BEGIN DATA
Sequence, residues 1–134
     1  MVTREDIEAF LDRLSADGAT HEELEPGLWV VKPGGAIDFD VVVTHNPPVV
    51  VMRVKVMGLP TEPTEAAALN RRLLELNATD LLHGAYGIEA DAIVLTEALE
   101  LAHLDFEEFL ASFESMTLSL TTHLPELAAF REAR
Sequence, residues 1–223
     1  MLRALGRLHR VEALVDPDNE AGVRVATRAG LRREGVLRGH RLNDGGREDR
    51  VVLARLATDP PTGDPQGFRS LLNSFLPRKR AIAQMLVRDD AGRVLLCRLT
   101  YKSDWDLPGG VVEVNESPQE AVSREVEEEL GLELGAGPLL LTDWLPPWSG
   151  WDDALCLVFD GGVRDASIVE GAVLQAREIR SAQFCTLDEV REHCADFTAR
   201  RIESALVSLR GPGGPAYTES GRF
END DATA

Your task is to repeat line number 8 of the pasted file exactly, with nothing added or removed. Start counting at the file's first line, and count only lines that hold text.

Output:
   101  YKSDWDLPGG VVEVNESPQE AVSREVEEEL GLELGAGPLL LTDWLPPWSG